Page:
How good a shopper are you? Can you work out the best deals? Money Advice has made this short 4 question quiz to see if you are being taken for a ride by the supermarkets!

There is also a pdf version here. moneyadvicesupermarketquiz

Can you correctly answer the questions about this graph?

Try the interactive quiz or the worksheet.

There are two extra questions on the worksheet which are also below.

This table shows the number of fatal injuries by industry in 2014/15.

- Draw a suitable chart to display this data.
- Write two interesting facts that the graph shows.

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This is one in a large series of short videos from NCETM showing how people use maths at work. See the others here.

A shocking maths exercise looking at the changing ratio of boy to girl births in Asia.

You need to find the lowest common multiple when finding common denominators to add fractions. Highest common factors are also used in fraction or ratio calculations when you cancel down. This interactive worksheet will show you how to work them out.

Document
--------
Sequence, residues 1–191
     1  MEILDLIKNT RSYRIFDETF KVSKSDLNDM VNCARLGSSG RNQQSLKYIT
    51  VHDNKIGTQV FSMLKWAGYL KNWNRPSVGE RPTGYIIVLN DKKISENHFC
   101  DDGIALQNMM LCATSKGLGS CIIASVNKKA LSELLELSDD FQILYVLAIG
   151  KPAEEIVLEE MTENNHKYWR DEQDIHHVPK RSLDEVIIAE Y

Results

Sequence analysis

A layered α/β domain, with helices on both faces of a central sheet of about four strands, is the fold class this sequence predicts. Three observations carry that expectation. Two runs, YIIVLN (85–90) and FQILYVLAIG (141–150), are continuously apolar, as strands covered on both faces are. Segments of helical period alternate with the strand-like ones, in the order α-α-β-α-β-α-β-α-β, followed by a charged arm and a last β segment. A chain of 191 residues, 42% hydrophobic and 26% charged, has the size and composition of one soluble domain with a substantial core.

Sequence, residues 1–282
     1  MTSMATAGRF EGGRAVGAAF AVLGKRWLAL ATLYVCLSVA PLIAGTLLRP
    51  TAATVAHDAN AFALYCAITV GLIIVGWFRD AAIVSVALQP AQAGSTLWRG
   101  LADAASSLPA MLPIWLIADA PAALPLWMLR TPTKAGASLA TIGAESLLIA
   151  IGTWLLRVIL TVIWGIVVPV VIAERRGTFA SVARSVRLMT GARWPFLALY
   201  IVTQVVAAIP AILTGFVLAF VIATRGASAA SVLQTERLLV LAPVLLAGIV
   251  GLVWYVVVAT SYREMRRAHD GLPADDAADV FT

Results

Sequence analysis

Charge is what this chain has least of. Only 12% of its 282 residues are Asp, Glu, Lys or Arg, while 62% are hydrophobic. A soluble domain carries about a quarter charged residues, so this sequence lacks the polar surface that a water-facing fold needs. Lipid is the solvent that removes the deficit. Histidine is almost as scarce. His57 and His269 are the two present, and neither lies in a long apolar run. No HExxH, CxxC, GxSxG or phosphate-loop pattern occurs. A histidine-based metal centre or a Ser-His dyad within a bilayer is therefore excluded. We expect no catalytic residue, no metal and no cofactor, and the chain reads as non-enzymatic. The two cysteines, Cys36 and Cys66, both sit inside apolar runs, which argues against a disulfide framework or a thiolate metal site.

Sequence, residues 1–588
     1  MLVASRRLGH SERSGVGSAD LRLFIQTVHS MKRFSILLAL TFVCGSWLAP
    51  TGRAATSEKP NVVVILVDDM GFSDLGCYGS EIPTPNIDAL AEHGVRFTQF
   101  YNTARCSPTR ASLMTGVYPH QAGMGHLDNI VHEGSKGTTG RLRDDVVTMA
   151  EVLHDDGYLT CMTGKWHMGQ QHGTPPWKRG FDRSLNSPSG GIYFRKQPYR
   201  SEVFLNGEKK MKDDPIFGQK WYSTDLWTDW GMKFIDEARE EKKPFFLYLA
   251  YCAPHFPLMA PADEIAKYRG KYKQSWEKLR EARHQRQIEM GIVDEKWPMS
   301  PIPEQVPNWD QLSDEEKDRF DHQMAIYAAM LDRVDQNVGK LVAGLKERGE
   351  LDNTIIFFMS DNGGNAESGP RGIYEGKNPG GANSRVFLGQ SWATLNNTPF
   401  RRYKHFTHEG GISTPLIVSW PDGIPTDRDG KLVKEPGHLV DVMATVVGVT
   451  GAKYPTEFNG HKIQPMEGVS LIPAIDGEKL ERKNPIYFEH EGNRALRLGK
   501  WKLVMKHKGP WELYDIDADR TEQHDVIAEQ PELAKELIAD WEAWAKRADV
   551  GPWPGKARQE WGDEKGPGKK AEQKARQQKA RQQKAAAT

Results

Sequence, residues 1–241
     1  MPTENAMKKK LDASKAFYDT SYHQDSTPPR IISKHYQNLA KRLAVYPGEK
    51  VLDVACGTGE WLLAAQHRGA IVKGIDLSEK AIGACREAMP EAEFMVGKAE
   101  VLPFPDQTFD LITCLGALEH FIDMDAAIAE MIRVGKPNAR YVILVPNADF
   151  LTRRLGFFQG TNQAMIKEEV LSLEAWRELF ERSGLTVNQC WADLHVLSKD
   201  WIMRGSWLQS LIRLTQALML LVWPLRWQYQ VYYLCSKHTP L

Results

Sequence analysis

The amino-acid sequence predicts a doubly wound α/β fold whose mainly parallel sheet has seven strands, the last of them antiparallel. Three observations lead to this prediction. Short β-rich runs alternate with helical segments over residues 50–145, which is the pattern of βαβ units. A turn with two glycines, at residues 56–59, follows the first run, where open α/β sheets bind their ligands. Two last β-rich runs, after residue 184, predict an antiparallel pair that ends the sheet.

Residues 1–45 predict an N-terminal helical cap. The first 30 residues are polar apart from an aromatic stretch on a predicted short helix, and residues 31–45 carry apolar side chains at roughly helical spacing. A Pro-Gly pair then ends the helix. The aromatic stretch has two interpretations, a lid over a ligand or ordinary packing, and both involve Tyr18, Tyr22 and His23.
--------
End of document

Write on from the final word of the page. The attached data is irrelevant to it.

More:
Here are my hands. Calculate the ratio of the length of the rectangle to the height by dividing 12 by 7.5.

Now work with a friend. One of you make the same shape with your hands, the other measures the length and width. Again calculate the ratio. Swop roles and do this again. You now have three ratios. What do you notice?

Here is the beginning of the Fibonacci Sequence. It is made by adding the two previous numbers together.

1, 1, 2, 3, 5, 8, 13, 21.

Work out the next 10 terms of the sequence and write them down.

Now calculate the ratio of each number compared to the number before it, like this. Round your answers to 4 decimal places.

1÷ 1 = 1

2÷ 1= 2

3÷ 2= 1.5

5÷ 3 = 1.6

8÷ 5 =1.6

13÷ 8 = 1.625

You continue for the next 10 terms. (Use a calculator!)

What do you notice?

You have discovered a very special number, called phi. Find out more about phi and the Golden Ratio here.

Here is a fascinating site to find out about the Golden Ratio and the human face.

http://www.intmath.com/numbers/math-of-beauty.php

Don’t miss the flash application where you can fit a mask to some famous faces to see if their facial proportions match the golden ratio.

You will find the Golden Ratio appears not just in the human body, but in architechture, design nature, cosmology, photo composition, art and much more.

Download, print and cut out the triangles. Work with a friend to try and match all the questions with the correct answers and make a shape.